(Roughly) Daily

“Mathematics has not a foot to stand on which is not purely metaphysical”*…

Battle of Maida 1806, part of the the invasion and occupation of Naples by Napoleon’s French Empire (source)

Lest we forget…

A forgotten episode in French-occupied Naples in the years around 1800—just after the French Revolution—illustrates why it makes sense to see mathematics and politics as entangled. The protagonists of this story were gravely concerned about how mainstream mathematical methods were transforming their world—somewhat akin to our current-day concerns about how digital algorithms are transforming ours. But a key difference was their straightforward moral and political reading of those mathematical methods. By contrast, in our own era we seem to think that mathematics offers entirely neutral tools for ordering and reordering the world—we have, in other words, forgotten something that was obvious to them.

In this essay, I’ll use the case of revolutionary Naples to argue that the rise of a new and allegedly neutral mathematics—characterized by rigor and voluntary restriction—was a mathematical response to pressing political problems. Specifically, it was a response to the question of how to stabilize social order after the turbulence of the French Revolution. Mathematics, I argue, provided the logical infrastructure for the return to order. This episode, then, shows how and why mathematical concepts and methods are anything but timeless or neutral; they define what “reason” is, and what it is not, and thus the concrete possibilities of political action. The technical and political are two sides of the same coin—and changes in notions like mathematical rigor, provability, and necessity simultaneously constitute changes in our political imagination…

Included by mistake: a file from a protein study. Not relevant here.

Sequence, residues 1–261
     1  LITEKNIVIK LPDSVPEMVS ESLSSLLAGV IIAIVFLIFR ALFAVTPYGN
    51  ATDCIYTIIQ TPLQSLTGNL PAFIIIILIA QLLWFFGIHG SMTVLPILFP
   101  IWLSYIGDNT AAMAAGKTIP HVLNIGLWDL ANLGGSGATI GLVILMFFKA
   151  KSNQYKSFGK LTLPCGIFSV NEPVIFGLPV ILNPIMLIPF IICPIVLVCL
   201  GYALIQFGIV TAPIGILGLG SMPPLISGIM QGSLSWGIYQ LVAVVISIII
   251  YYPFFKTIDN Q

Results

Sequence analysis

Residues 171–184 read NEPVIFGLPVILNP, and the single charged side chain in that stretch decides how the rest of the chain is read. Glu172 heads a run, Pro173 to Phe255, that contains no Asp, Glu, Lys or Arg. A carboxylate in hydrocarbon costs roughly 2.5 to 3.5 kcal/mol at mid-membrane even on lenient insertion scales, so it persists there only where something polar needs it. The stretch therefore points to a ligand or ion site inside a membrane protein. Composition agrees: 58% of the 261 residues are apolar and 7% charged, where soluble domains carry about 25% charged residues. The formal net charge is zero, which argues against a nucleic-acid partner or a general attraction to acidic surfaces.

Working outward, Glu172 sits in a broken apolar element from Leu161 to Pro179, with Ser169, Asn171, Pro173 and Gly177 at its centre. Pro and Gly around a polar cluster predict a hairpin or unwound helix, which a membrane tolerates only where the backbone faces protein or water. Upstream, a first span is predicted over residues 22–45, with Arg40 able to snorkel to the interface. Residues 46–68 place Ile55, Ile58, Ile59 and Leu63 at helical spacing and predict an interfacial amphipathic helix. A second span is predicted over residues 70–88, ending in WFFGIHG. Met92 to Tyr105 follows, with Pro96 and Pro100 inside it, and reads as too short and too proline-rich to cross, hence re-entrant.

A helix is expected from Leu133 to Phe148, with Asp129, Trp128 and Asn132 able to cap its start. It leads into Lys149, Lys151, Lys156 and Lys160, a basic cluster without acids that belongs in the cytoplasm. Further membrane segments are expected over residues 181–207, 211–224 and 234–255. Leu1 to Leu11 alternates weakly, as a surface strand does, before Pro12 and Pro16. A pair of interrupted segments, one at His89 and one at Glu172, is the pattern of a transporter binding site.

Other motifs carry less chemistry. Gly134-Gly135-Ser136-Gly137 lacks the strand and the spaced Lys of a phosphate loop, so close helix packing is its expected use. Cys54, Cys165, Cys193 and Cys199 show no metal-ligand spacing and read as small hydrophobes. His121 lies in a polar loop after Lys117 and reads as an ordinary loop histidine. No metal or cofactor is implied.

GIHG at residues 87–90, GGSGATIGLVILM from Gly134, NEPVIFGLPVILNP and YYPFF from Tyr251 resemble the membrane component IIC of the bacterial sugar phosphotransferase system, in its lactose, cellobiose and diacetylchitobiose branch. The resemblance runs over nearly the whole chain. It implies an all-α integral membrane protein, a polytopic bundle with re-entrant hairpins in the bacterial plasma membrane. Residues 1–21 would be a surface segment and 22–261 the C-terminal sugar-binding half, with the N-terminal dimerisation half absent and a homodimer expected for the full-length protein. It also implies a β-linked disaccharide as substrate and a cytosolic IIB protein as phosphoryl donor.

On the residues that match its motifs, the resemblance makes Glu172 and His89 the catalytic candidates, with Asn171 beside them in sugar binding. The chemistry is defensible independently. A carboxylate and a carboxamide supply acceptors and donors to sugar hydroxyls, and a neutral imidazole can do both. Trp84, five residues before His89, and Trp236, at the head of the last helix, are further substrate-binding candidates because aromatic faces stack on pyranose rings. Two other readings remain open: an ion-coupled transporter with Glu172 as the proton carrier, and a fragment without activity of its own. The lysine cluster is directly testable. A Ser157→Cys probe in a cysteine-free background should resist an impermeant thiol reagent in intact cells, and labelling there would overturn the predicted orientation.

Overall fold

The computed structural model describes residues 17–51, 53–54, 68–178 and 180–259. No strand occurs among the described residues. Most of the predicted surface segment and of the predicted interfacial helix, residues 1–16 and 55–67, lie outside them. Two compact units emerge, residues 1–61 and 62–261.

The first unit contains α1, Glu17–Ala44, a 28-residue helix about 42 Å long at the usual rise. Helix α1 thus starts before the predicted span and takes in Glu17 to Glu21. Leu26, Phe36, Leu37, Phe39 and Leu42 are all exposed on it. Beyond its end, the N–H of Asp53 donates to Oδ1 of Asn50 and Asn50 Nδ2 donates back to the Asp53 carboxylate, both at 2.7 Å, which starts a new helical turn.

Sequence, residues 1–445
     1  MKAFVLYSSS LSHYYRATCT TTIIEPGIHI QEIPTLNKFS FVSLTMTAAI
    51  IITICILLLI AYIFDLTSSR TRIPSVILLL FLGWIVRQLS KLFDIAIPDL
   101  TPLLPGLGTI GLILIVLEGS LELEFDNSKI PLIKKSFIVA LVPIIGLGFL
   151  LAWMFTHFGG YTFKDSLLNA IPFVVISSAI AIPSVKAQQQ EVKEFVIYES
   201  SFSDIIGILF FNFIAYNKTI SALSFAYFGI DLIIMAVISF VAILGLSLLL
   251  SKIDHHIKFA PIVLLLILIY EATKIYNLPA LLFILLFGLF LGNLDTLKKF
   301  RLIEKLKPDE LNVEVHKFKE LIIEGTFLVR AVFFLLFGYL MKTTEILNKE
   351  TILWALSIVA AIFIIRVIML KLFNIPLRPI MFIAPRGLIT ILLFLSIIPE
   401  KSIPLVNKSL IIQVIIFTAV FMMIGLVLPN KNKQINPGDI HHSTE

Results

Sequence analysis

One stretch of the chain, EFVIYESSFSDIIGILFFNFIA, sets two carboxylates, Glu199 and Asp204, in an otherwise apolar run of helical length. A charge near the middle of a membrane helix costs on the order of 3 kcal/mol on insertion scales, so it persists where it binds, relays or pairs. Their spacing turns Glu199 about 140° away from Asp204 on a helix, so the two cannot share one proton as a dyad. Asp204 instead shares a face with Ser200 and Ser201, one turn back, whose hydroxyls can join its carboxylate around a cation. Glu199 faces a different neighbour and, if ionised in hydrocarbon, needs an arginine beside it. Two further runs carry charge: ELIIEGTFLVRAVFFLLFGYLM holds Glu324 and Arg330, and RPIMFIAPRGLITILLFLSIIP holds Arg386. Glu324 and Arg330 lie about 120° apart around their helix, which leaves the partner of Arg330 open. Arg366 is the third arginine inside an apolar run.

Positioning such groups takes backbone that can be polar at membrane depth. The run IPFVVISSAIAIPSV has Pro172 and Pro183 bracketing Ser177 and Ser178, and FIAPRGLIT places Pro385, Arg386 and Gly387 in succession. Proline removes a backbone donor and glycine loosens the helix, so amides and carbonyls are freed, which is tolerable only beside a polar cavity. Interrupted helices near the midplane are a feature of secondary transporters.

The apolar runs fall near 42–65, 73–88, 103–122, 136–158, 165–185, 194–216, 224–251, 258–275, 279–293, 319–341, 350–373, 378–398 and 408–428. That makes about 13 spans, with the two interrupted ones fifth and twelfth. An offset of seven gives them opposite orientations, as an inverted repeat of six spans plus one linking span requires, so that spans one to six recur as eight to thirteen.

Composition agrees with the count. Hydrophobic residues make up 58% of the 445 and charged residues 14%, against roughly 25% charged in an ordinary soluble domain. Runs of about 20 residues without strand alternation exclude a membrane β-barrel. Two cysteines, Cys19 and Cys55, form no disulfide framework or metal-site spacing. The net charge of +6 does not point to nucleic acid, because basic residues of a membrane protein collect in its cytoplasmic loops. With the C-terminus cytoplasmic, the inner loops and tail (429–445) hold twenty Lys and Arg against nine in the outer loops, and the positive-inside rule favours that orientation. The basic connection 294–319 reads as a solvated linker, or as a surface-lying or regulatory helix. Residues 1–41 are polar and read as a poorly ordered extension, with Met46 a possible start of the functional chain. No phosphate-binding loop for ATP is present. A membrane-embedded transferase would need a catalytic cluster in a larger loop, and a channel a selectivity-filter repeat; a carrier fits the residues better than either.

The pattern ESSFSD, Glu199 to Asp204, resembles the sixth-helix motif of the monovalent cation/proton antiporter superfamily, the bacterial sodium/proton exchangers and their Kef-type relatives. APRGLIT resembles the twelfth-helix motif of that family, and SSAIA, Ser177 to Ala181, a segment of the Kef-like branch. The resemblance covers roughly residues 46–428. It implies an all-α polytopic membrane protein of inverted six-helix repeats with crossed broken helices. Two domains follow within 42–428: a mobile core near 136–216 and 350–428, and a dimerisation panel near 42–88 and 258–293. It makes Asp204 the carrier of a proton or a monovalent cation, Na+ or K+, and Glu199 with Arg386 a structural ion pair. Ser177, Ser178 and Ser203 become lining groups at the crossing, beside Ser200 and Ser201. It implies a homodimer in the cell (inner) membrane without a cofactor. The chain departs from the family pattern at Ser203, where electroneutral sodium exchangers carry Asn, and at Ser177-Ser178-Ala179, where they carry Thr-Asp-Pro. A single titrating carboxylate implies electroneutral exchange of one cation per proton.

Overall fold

Massimo Mazzotti with an adaptation from his new book, Reactionary Mathematics: A Genealogy of Purity: “Foundational Anxieties, Modern Mathematics, and the Political Imagination,” @maxmazzotti in @LAReviewofBooks.

* Thomas De Quincey


As we count on it, we might send carefully-calculated birthday greetings to Regiomontanus (or Johannes Müller von Königsberg, as he was christened); he was born on this date in 1436. A mathematician, astrologer, and astronomer of the German Renaissance, he and his work were instrumental in the development of Copernican heliocentrism during his lifetime and in the decades following his death.


%d bloggers like this: